So **** everyone else and make the game the way you want because you can't self regulate?

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So because you don't have the willpower to play the way you want you instead want the devs to force everyone to play that way?

 

Well...yeah. The Devs design the game the way it is supposed to be played. If it is designed to be incredibly easy then I will judge it to be so. I suppose I could play the game not wearing armor or not casting spells or whatever as an attempt to artificially make it more challenging but then I am not playing the game as designed.

 

Nobody flipped out during the IE games that we couldn't save during battle that I noticed. Or was that a really huge outrage? I don't remember.

 

He wants it to be significantly worse than just not saving during combat though.

 

It's funny. I've never owned a console and most of my gaming has been on PCs. My original post wasn't a "this is the way you should do it" post. It was an observation. I don't need others speaking for me, thank you. I can speak for myself.

 

Now I will admit that I was being a little snarky with my earlier post, because namely I really hate the "don't dictate how I play my game" line. It's worthless and smacks of antagonism and negativity. My point was something else completely and it's irksome to have to wade through the bile spilling from the texts of some of you to find something worthwhile.

 

Now that that's over, having a modicum of self-control and putting down arbitrary game rules on myself is fine and all if I want to play a challenge run. But if I want to play on a harder difficulty, I would expect the developers to take into account easy ways of "cheating the system" and working out mechanics that take these into account. Not saving/reloading your game is all fine and dandy when you theorize about it, but when it comes to actually playing a game where you've actually spent a good deal of time developing your party members and all of a sudden you lose one to a dumb move, it's really easy to convince yourself that the AI screwed up, etc. Cognitive dissonance is a *****. Sometimes everyone needs a rule forced on them to seriously gauge their actions. Everything about a game should convey an atmosphere. Even the metagaming aspect.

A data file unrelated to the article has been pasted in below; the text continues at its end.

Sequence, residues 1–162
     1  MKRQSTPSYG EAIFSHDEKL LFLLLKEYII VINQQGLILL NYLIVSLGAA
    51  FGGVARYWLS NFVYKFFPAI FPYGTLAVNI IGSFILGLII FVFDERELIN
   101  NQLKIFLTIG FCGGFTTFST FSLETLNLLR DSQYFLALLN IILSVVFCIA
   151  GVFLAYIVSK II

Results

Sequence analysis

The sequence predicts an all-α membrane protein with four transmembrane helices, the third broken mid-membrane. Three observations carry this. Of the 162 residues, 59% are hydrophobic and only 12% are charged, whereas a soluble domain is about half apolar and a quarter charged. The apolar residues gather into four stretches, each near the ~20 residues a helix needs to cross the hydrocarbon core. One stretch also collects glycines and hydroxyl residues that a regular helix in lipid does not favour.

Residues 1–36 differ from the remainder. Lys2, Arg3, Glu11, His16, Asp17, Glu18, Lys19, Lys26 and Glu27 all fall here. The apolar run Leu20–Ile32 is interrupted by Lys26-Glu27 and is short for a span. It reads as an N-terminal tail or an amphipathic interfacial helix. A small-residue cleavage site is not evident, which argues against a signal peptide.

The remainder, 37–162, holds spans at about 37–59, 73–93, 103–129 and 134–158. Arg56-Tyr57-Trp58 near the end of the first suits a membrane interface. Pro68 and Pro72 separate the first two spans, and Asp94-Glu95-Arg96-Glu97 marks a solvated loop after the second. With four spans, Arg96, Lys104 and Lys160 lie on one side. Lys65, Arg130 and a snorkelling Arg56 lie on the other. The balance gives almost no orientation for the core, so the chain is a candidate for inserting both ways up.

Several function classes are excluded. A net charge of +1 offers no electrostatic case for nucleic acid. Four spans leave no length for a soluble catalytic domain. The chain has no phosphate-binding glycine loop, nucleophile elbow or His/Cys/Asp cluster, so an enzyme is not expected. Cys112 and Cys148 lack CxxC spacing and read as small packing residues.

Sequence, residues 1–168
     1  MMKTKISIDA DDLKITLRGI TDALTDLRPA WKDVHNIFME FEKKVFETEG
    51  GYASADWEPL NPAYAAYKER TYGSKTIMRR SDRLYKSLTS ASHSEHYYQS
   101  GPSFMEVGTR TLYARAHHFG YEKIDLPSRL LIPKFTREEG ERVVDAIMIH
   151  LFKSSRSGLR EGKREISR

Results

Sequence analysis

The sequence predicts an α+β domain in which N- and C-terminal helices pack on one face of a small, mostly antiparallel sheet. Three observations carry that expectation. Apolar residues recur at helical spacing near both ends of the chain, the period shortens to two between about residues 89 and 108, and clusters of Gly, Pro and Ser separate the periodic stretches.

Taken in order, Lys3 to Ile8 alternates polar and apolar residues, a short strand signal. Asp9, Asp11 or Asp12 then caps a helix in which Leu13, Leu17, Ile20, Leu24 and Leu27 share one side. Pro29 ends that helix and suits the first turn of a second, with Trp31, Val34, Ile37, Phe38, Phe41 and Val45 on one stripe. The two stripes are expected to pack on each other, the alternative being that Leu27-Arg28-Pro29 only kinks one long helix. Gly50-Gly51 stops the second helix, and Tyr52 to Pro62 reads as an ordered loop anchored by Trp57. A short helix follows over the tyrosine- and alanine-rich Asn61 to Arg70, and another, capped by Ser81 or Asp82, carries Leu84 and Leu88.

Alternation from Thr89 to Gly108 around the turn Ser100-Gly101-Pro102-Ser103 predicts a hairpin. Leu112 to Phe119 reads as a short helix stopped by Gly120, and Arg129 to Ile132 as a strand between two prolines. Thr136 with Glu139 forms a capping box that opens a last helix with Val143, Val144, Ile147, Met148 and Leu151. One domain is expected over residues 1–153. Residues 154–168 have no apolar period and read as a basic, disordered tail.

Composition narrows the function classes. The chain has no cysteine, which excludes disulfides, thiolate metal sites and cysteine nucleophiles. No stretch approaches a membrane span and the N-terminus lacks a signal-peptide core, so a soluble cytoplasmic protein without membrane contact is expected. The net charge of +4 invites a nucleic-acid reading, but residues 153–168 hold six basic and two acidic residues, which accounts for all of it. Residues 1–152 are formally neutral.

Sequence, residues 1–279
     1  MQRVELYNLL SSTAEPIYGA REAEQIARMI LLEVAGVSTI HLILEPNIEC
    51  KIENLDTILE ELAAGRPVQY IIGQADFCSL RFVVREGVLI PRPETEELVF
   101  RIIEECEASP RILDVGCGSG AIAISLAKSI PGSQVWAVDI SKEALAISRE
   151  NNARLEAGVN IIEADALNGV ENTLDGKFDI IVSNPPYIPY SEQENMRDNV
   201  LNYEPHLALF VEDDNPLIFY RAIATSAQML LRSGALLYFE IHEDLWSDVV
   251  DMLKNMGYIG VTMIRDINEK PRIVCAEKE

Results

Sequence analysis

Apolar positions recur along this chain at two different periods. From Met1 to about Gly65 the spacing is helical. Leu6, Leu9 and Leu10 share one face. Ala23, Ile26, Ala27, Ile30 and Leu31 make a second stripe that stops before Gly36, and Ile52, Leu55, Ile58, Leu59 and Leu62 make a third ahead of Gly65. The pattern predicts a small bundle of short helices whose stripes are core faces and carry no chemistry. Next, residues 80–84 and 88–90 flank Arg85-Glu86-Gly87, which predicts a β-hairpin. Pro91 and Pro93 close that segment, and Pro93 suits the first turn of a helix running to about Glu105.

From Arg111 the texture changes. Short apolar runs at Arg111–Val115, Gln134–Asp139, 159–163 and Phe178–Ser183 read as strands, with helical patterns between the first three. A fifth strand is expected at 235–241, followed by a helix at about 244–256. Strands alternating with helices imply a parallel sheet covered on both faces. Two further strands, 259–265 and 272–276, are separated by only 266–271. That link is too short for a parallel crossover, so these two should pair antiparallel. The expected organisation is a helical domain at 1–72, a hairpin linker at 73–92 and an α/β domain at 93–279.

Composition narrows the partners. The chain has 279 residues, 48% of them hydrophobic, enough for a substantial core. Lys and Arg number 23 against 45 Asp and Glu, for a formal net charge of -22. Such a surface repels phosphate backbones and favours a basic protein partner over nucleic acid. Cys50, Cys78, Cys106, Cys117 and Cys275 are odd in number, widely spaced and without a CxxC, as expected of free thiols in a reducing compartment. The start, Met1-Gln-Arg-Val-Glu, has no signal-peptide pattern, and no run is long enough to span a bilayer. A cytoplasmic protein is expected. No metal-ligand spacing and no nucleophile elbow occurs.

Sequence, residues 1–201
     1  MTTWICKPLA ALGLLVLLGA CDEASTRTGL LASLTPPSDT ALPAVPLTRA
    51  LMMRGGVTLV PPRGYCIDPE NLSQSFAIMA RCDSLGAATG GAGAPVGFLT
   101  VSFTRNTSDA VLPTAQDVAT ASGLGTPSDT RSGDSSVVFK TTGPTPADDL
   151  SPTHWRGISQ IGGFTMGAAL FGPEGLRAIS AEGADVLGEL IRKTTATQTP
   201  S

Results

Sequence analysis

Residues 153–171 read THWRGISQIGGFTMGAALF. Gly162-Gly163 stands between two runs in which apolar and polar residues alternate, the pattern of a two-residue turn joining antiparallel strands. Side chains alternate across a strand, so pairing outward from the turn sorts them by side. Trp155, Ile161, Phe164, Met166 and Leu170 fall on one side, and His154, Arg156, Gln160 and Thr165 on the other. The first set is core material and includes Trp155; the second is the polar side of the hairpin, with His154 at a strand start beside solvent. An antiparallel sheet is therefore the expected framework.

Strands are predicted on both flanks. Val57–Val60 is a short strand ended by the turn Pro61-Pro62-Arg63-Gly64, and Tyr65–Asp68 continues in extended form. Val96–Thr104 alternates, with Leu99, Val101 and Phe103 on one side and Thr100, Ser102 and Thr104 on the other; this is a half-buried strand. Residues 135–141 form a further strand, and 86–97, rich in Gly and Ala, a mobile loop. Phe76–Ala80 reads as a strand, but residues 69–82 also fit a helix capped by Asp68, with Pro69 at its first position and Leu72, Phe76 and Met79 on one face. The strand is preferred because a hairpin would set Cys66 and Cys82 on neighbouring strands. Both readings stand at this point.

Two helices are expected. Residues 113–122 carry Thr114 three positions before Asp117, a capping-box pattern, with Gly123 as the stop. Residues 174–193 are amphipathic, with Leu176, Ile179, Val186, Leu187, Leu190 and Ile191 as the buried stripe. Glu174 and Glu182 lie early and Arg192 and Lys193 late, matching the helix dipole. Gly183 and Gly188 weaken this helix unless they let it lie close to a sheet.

This isn't to say that everyone has to play this way. Easier modes can have innummerable save states, etc. But I would like a game mode where my loading and saving is a more difficult choice to make, but not as dangerous as an Ironman mode where serious screw-ups (bugs, or some other horrific thing) which are not my fault are actually hindering my experience and will to continue playing the game.

Edited by Hormalakh

My blog is where I'm keeping a record of all of my suggestions and bug mentions.

http://hormalakh.blogspot.com/  UPDATED 9/26/2014

My DXdiag:

http://hormalakh.blogspot.com/2014/08/beta-begins-v257.html

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It's not about free choice. People don't self regulate. If self regulation worked we'd not have an economic crisis. The psychology of man is to try and pick the most efficient way through. The trick is making sure that it makes more sense to play the game normally than to save whenever it gets tough.

 

Bingo.

 

 

The other fact that seems to be missing here is the idea of a tactical puzzle. Oftentimes I will save before a combat and win/lose/draw will reload it to try different tactics and combinations. Sometimes I will go back to my original save even with that because I liked the feel of it better.

 

Sometimes, you may be playing a character of a certain type but want to explore different dialogue options just to see what they would look like.

 

That's the point. Your choices don't matter. You find the most optimal and go with it. I'd do the same thing. But if I knew that if I picked a certain dialogue option, that would be the only time I could choose unless I started the game over, I would actually sit and think about my choices before making them. If you want to do that, fine. But I want the game to make me consider my choices as a one-time thing.

Edited by Hormalakh

My blog is where I'm keeping a record of all of my suggestions and bug mentions.

http://hormalakh.blogspot.com/  UPDATED 9/26/2014

My DXdiag:

http://hormalakh.blogspot.com/2014/08/beta-begins-v257.html